The Ethics Of Business: Wells Fargo

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The Ethics of Business There have continuously been complications with the application of moral standards in the business environment. What is considered the correct ethical act on a daily basis outside of employment could be entirely different in a business setting scenario. Numerous philosophers have endeavored to reason out rationalizations as to why ethics is considered different in business and have formulated different techniques of methodizing, representing, and commending concepts of what the right moral action should be in certain business situations. Recently Wells Fargo has been involved in a scandal where the business opened millions of unauthorized accounts to ensure high sales. Wells Fargo subsequently fired around 5300 mid-level…show more content…
This article is a good example as to how Swanton’s view could lever apparent role conflict, and conflict between role ethics and ordinary morality. Understanding Swanton’s view is the first step in the process to tie the Wells Fargo case into business ethics. She is of a mind that business has a distinctive purpose, and in each business there are virtues that are role differentiated. Contrary to some philosophers she believes that there is no disagreement between being good in a business role and being a “good human…show more content…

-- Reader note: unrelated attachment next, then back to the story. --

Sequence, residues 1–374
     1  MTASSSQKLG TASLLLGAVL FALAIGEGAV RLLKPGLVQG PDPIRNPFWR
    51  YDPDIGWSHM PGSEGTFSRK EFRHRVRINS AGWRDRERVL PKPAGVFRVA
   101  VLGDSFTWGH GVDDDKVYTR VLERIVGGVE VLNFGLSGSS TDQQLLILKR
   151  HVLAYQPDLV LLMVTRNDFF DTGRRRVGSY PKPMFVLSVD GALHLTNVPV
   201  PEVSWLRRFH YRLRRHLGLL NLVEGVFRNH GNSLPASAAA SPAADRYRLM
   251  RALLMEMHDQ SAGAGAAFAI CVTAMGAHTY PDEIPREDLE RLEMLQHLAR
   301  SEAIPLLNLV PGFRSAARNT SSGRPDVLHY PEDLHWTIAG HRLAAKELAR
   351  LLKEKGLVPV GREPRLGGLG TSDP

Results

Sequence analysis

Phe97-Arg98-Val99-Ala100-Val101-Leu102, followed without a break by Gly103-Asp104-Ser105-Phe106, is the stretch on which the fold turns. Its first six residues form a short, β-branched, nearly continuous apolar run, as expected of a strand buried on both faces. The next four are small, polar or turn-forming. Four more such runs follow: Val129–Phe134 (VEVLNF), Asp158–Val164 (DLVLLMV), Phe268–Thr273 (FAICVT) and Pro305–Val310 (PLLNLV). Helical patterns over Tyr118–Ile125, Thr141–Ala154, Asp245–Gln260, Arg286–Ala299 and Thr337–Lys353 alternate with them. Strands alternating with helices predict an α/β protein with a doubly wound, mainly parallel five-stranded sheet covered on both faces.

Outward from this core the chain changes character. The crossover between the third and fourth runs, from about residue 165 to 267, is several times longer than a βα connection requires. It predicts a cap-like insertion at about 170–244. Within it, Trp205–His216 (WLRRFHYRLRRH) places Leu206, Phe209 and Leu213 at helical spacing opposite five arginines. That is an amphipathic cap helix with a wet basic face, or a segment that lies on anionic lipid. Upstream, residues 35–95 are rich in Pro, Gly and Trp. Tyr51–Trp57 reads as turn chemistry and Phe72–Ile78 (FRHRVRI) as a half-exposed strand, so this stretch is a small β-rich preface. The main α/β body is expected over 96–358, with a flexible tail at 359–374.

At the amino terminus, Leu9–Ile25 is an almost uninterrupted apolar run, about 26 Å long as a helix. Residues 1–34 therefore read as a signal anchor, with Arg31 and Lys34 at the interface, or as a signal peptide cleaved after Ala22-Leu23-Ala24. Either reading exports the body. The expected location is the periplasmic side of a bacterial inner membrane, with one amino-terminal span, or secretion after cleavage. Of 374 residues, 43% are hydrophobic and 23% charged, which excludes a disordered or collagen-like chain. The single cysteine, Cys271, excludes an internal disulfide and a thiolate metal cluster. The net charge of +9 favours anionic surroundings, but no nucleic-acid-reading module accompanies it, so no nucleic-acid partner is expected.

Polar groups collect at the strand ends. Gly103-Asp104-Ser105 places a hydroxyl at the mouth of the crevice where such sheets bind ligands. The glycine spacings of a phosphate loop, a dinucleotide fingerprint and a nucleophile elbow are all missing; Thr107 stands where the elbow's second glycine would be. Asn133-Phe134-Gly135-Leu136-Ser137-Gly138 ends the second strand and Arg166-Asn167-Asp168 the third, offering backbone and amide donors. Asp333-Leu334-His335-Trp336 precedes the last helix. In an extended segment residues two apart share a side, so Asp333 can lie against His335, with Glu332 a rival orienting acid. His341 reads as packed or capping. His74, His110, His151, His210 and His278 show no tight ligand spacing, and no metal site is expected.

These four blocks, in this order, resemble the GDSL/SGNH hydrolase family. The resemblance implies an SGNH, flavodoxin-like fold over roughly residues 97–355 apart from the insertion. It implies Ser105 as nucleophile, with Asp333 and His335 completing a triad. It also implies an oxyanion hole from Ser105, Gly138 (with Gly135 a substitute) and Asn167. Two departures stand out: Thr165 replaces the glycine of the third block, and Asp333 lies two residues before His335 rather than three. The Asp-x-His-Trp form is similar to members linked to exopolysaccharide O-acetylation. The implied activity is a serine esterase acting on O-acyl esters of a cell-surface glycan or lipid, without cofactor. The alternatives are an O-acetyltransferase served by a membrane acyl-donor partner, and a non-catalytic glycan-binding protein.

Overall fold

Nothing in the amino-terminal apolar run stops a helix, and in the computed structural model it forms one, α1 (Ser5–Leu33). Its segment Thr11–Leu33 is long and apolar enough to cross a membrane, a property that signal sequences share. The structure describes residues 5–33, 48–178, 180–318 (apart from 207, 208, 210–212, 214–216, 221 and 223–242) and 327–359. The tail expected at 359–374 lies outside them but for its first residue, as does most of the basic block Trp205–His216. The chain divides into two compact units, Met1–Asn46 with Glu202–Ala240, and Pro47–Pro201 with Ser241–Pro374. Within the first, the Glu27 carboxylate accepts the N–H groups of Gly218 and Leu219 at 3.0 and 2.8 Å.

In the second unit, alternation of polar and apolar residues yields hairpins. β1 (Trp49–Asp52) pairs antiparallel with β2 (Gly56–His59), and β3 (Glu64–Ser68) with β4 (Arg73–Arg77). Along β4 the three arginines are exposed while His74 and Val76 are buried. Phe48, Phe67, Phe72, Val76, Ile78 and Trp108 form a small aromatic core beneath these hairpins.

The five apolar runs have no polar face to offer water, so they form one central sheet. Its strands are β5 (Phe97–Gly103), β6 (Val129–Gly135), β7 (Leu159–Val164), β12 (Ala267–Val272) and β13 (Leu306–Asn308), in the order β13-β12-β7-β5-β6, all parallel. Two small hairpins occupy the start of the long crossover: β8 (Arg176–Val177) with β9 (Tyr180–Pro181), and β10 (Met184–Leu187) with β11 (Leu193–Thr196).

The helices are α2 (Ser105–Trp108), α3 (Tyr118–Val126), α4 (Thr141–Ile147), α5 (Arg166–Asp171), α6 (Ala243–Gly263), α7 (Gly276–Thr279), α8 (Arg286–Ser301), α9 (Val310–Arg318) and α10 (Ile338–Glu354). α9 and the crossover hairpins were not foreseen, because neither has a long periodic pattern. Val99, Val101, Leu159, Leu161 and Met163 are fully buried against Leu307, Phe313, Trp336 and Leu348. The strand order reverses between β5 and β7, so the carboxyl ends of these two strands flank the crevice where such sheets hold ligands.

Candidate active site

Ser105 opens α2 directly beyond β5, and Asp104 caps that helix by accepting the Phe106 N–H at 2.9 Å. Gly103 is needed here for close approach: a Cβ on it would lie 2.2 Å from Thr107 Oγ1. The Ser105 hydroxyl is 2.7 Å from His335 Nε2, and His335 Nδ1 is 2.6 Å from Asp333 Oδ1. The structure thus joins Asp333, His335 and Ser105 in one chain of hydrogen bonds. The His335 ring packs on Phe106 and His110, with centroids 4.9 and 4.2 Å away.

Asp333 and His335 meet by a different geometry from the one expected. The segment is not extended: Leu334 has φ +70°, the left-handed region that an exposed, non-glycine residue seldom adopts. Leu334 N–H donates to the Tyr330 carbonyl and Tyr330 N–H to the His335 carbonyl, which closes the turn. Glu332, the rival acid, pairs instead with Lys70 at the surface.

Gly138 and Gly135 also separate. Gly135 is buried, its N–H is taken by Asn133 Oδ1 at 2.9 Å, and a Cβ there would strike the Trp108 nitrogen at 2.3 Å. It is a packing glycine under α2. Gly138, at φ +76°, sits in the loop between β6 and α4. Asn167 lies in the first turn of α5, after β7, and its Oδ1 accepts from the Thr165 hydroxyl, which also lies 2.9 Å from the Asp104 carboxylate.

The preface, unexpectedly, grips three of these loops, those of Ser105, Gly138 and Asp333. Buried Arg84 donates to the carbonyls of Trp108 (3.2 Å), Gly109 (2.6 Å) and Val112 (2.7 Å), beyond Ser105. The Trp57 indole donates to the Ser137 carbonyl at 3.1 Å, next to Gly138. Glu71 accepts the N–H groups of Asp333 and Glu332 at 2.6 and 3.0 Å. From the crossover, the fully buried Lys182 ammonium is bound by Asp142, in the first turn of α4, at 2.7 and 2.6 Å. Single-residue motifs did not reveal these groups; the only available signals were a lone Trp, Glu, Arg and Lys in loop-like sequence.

This example relates back to the thick and thin accounts of prototype virtues. Swanton states in her article “Pursuing profit does not allow for maximizing profits without ethical constraints” (p.223), so in my opinion I think that she would agree that as an executive in charge of all of those employees, she chose to enhance the company at all costs. The loyalty Tolstedt showed Wells Fargo as a company provides indicators for excess which is erroneous. In this case it cost all of those mid-level managers and employees their jobs. So the question is whether this aligns with Swanton’s view. I would have to say that yes there are parts that can be explained through Swanton’s view. Tolstedt was working in the company’s best interest regardless of the consequences to her employees so this is not a good example of loyalty in an executive standpoint, she can be loyal but not in that way. She explains that the rules are controversial so it is hard to pinpoint exactly how her theory is wrong. The main concern of the executive is to increase sales and ensure that the relation to that field of concern is appropriate. The concept of loyalty in this case is the prototype virtue. The executive has an idea of what should be done and has somewhat of a guidance as to how she should accomplish her
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